In 2009, a number of specially designed coins were released to mark the bicentennial of the birth of Abraham Lincoln. This included a commemorative silver dollar limited to a mintage of 500,000 and four different designs for the Lincoln Cent to represent the four stages of the life of the 16th President. The 2009 United States Mint Lincoln Coin & Chronicles Set brought together the five different issues within a single numismatic product that proved to be extremely popular with collectors.
As authorized under Title III of Public Law 109-145, the reverse design of the 2009 Lincoln Cent carried four different designs each representing a different aspect of the life of Abraham Lincoln. The first design represented his birth and early childhood in Kentucky with the image of a log cabin designed by Richard Masters. The second design represented his formative years in Indiana with a design by Charles L. Vickers presenting an image of Lincoln taking a rest from rail splitting to read a book. The third design represented Lincoln’s professional life in Illinois with an image of him standing before the State Capitol building, as designed by Joel Iskowitz. The final design represented his Presidency in Washington D.C. with a scene of the Capitol Dome undergoing construction designed by Susan Gamble.
Each of these designs was released for general circulation in the standard composition of 97.5% zinc and 2.5% copper. As provided by the authorizing legislation, collector versions of the coin were produced in the original composition of 95% copper. These would be included in the annual proof and uncirculated coin sets, a separate 2009 Lincoln Cent Proof Set, and the Lincoln Coin & Chronicles Set.
Under separate legislation Public Law 109-285, a commemorative silver dollar was authorized to honor Abraham Lincoln. The obverse design would feature a portrait designed by Justin Kunz based on a sculpture created by Daniel Chester. The reverse would feature the final 43 words of the Gettysburg Address surrounded by a laurel wreath with a reproduction of Lincoln’s signature at the base. The reverse was designed by Phebe Hemphill.
The commemorative silver dollars were offered in proof and uncirculated format, with a maximum mintage of 500,000 pieces across all options. Individual sales began on February 12, 2009 and a sell out occurred after approximately one month. Total sales included 325,000 proofs and 175,000 uncirculated coins. The US Mint held back a final 50,000 proof coins for inclusion in a forthcoming product.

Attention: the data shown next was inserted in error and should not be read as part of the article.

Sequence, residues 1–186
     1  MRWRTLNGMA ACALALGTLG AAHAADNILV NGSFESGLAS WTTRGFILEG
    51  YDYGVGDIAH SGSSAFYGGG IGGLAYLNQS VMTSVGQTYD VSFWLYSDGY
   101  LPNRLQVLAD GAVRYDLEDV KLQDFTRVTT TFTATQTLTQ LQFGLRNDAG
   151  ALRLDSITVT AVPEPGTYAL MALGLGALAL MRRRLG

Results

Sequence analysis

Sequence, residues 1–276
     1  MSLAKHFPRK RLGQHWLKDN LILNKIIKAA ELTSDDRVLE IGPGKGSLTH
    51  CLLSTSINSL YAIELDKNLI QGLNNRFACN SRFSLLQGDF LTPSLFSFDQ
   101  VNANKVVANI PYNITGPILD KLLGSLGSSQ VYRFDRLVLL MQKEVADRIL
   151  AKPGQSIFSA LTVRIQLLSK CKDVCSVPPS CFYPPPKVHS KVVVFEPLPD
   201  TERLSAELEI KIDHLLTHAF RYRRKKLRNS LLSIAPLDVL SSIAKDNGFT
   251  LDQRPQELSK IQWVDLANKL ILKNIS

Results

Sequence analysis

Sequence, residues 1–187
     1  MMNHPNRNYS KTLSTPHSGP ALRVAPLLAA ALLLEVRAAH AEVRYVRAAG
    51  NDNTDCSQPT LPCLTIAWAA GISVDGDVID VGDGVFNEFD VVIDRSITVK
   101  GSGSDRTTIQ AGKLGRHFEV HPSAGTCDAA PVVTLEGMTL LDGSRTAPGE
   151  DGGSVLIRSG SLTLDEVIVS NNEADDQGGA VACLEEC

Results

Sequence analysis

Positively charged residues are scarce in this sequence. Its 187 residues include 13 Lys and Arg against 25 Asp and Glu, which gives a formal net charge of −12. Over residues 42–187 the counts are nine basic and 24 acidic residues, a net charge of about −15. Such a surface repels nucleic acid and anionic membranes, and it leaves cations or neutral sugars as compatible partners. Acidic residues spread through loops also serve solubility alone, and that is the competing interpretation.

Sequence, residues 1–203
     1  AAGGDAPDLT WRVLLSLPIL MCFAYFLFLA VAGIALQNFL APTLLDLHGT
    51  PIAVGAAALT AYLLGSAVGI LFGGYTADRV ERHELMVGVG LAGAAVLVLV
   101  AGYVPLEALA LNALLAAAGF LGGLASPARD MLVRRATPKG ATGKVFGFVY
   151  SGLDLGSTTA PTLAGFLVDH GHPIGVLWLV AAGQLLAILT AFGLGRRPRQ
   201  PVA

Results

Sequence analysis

Shortly following the sell out of the individual commemorative coins, the special product was revealed to be a “Coin & Chronicles Set” to be released later in the year.
Sales for the 2009 Lincoln Coin & Chronicles Set would officially begin on October 15, 2009. Each set would include all four of the 2009 Lincoln Cents in proof format, struck in the special composition of 95% copper, and the 2009 Lincoln Silver Dollar also in proof format. Supplemental materials included a reproduction of a photograph of Abraham Lincoln, a reproduction of the Gettysburg Address in Lincoln’s handwriting, and a certificate of authenticity. These items were placed in a leather-like tri-fold case with accompanying slip cover.
The price original price for each set was $55.95 with an ordering limit of only one set per household imposed by the US Mint.
By the time of release for this special set, the individual proof silver dollars had been sold out for several months and were fetching around $60 to $70 each in secondary market sales. This served to bolster the already considerable collector anticipation for this numismatic product.
When sales for the set officially opened, the US Mint’s website slowed to a crawl, making it difficult for many collectors to place their orders. Within the first five hours of availability, sales had reached nearly 30,000 units. This was an impressive start considering the ordering limit of just one per household.
By October 16, 2009 at 6:00 PM ET, the United States Mint posted a waiting list notice on their website. This indicated that orders had been received to reach the 50,000 product limit. For a brief period, orders were accepted for placement on a waiting list which would be fulfilled in the event any cancellations. All told, the product managed to sell out within 30 hours of availability.
Almost immediately after the sell out, the Lincoln Coin & Chronicles Set began selling on the secondary market for nearly triple the original issue price. Although the premiums have subsided in recent years, the sets still command a strong premium over the original price.